mark.tinka at seacom.mu
Thu Oct 22 19:58:25 UTC 2015
On 22/Oct/15 21:35, Dave Bell wrote:
> I'm unsure if this is a serious argument, but its such a poor point
> today. Everything has to be connected to a level 2 in IS-IS. If you
> want a flat area 0 network in OSPF, go nuts. As long as you are
> sensible about what you put in your IGP, both IS-IS and OSPF scale
> very well.
> The differences between the two protocols are so small, that people
> really grasp at straws when 'proving' that one is better over the
> other. 'IS-IS doesn't work over IP, so its more secure'. 'IS-IS uses
> TLVs so new features are quicker to implement'. While these may be
> vaguely valid arguments, they don't hold much water. If you don't
> secure your routers to bad actors forming OSPF adjacencies with you,
> you're doing something wrong.Who is running code that is so bleeding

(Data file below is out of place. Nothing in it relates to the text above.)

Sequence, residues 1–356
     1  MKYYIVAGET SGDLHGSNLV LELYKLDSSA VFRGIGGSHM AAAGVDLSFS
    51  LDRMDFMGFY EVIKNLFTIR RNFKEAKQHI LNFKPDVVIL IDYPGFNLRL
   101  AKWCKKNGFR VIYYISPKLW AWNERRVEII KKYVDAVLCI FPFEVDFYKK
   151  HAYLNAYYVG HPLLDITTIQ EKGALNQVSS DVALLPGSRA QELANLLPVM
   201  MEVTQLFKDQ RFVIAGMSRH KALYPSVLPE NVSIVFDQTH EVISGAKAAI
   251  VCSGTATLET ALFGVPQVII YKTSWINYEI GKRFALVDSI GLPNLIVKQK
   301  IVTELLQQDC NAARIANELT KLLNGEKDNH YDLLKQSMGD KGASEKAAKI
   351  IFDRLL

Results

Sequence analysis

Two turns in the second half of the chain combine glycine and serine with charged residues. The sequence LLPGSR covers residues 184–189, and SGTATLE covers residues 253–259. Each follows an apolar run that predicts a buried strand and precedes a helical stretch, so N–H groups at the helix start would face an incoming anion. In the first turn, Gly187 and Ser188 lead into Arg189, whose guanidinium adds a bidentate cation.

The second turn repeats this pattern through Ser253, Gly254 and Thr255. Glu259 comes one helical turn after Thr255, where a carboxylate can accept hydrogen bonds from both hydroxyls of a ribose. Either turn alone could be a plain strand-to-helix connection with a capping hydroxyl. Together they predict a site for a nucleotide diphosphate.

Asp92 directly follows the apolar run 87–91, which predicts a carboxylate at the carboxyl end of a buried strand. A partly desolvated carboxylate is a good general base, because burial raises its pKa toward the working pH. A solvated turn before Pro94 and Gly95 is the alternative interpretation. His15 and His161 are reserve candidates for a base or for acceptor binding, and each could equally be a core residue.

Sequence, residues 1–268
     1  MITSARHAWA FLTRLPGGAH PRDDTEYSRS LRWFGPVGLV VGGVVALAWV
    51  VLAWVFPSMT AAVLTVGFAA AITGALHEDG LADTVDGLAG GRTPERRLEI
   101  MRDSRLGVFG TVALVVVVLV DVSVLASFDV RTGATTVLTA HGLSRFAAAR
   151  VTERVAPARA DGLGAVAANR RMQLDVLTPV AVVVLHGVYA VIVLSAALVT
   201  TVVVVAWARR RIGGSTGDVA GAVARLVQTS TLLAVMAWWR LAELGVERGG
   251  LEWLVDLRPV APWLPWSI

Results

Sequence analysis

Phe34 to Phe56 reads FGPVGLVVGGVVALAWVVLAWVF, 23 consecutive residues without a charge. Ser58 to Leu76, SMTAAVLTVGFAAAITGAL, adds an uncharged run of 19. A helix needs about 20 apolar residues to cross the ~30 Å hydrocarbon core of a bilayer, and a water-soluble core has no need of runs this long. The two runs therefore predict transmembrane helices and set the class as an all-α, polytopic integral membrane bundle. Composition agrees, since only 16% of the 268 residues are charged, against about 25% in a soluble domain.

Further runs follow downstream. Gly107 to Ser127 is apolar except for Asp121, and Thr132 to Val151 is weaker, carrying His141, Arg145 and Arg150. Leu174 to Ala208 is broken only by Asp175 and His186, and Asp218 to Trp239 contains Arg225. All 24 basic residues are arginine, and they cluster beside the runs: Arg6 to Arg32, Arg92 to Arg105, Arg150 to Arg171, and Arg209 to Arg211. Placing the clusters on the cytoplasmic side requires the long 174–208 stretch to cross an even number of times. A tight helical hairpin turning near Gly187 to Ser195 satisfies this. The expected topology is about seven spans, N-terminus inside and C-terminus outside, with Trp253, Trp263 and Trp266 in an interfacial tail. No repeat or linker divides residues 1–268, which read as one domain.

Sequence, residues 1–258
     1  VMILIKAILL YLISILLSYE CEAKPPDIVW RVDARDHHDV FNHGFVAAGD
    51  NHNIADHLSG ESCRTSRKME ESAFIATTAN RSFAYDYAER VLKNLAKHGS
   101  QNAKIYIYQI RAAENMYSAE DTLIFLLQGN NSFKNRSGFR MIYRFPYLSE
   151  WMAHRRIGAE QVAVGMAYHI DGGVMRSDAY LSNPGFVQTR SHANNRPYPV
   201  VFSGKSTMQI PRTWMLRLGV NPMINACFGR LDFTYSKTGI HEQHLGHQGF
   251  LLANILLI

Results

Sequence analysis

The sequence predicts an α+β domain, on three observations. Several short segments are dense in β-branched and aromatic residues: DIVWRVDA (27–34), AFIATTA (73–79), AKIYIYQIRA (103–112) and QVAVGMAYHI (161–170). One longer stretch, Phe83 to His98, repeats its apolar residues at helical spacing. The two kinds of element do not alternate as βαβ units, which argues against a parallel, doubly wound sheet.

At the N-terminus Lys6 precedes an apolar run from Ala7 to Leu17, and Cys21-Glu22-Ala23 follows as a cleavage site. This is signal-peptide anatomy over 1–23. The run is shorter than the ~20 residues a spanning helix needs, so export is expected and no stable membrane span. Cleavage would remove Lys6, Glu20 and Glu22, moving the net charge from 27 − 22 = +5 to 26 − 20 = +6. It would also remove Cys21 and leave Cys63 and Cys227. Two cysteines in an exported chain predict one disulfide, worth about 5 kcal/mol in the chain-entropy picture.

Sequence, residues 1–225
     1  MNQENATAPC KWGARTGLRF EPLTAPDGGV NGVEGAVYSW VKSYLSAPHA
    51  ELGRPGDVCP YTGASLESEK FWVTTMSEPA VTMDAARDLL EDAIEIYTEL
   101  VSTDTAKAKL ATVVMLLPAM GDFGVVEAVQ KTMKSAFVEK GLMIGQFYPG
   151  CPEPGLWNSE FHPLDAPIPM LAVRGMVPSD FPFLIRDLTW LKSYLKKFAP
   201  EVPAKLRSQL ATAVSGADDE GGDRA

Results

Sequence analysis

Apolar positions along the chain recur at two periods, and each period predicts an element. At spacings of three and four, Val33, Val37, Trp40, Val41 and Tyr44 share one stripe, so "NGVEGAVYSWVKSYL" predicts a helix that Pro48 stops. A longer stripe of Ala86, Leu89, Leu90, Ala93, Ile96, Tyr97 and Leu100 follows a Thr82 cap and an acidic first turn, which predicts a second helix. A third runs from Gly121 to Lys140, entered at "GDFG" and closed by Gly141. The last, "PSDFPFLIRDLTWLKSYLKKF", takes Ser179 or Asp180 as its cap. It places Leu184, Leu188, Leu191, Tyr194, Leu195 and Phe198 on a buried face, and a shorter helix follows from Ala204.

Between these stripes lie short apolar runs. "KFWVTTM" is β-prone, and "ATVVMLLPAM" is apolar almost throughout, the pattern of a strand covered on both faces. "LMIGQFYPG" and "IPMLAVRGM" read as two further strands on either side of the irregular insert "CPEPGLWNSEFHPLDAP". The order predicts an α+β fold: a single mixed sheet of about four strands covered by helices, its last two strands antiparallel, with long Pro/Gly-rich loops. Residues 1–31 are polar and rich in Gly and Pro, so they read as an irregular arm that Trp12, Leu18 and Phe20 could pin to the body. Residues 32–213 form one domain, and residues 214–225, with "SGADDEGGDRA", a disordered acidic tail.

> edge that feature X might be available for IS-IS, but not OSPF?
> Chose whichever you and your operational team are most comfortable
> with, and run with it.
OSPFv3 scaled better than OSPFv2 in 2008. But multi-AF support for
OSPFv3 was only developing then, so that was not a viable replacement
OSPFv2 should scale better in 2015 (I say "should" because more routers
now have x86-based control planes, but I don't run OSPF so I'm hand-waving).
You're right, a single Level-2 domain in IS-IS is akin to a single Area
0 in OSPF. But those "so small" differences between the protocols in
2008 meant I was less eager to try the single area with OSPF than I was
the single level with IS-IS.
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